The interior designer is Stacie Cokinos of Cokinos Design.

Showing Off A Friend’s Work

September 28, 2020


I didn’t hang this wallpaper, but a friend of mine did. I wanted to showcase his outstanding workmanship in a very difficult and time-consuming setting – entry with 2-story curved stairway and upper hallway.

Applause to Alex & Irma Sanchez, of Space City Wallcoverings.

Serena & Lily’s “Fallbrook Cut Leaf” Wallpaper in West Houston Powder Room

September 8, 2020


Sego palm fronds is what this pattern reminds me of. Serena & Lily call it “Fallbrook” or “Cut Leaf,” depending on where you’re looking. No mind – it’s a fresh, crisp look with a lot of movement and fun.

I hung this in the powder room near the rear entrance and breakfast area of the home of a young family in the Energy Corridor area of west Houston.

Usually Serena & Lily prints on paper, and I am a great fan of that product. But this is the first time I’ve encountered a non-woven material from that company. I can’t say that I loved this stuff. It was quite stiff, and very translucent.

Lots of manufacturers are starting to print on non-woven. There are many benefits of that material – but it has to be a good non-woven. If S&L is moving in this direction, I hope they will do some research and networking and come up with a better substrate to print on.

Gorgeous Chinoiserie Mural in West Houston “Cocktail Room”

August 5, 2020


Here is a much more economical take on the hand-painted silk Chinoiserie or Oriental murals crafted in China that can cost $1000-$2000 per panel (this accent wall required 10 panels).

This digitally-printed mural is made in Sweden on easy-to-install Non-Woven material, and was sized to fit the wall with no major measuring gymnastics required. No color differences between panels, as with real silk products. Close-up photos show the detail work that mimics silk material and hand-painted fowl and foliage…. Just as nice as the $$$ cousin.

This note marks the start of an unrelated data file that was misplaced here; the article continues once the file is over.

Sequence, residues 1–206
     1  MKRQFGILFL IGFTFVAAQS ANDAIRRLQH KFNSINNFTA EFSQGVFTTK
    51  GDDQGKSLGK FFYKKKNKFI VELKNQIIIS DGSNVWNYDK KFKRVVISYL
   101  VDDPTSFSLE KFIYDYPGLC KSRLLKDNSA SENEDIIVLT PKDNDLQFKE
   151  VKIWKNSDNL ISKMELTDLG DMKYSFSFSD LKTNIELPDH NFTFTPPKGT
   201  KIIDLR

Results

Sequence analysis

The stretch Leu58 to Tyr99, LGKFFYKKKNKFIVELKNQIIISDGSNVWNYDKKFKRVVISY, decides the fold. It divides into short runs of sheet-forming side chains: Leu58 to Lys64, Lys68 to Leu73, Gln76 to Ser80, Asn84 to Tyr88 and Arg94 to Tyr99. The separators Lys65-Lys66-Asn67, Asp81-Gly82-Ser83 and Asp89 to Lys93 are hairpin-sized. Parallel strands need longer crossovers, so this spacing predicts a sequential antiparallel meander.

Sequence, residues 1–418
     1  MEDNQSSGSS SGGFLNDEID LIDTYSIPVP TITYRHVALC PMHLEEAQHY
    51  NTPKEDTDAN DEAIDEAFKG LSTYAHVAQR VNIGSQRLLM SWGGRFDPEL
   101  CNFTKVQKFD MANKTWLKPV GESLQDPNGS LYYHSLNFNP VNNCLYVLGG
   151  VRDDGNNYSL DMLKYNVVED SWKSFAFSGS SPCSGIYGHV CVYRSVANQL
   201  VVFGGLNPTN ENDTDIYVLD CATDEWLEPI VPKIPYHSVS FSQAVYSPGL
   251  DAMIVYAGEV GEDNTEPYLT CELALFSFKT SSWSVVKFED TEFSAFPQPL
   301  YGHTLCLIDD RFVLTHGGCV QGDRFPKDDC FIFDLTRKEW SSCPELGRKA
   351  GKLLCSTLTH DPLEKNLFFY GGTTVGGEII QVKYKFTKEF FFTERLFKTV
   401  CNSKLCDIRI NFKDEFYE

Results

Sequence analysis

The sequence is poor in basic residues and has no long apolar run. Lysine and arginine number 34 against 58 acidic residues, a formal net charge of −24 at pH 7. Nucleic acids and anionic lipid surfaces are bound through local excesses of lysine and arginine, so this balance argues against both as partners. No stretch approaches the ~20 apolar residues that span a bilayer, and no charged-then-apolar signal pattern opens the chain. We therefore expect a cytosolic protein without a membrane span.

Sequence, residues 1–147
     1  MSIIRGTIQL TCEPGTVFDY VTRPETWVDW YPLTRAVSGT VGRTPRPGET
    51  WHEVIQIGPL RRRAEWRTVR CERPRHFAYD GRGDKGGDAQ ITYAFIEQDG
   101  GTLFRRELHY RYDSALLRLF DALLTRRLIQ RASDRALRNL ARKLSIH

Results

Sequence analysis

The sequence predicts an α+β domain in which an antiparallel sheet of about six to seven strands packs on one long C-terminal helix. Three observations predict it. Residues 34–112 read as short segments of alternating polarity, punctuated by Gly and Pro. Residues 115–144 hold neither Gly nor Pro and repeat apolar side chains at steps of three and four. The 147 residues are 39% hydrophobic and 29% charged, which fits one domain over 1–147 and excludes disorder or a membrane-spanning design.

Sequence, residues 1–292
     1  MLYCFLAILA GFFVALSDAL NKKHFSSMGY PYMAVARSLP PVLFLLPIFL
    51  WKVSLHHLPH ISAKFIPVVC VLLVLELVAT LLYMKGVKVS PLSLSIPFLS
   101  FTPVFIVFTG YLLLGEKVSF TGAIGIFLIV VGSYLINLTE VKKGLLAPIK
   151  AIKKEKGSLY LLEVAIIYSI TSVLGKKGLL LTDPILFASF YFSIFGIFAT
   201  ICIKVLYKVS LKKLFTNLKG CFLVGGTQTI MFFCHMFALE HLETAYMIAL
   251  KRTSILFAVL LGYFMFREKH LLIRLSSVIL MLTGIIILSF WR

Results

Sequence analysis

But this entire mural cost only about $600. (plus labor to install)

The finished wall, seen from a distance through the entry and dining room is jaw-dropping.

The family intends to use this as a “cocktail room,” with svelte custom-made tables and sink-into lounging chairs. I sure hope they send me a picture of the finished room!

I skim-floated the wall to smooth it, and the top photo shows my fans working to dry the smoothing compound.

Another photo shows the strips cut from the bolt, collated, and rolled backwards to both reduce “memory” (the inclination of the material to stay curled up) and to prevent the surface from bopping into the paste on the wall.

To hang this wallpaper, I use the paste-the-wall method.

An important thing to note is that, when measuring to order a mural, measure your wall’s height and width accurately, and then ADD TWO INCHES TO EACH SIDE. In other words, add 4″ to the height and 4″ to the width. This will allow for trimming at floor and ceiling and either side, and will help accommodate crooked or unlevel / unplumb walls and ceilings.

The homeowner wanted the serene feel of this muted colorway, but this mural is available in other colors, too. The home is in the Energy Corridor area of West Houston. The manufacturer is Rebel Walls. I have hung their paper a good number of times, and like it a lot.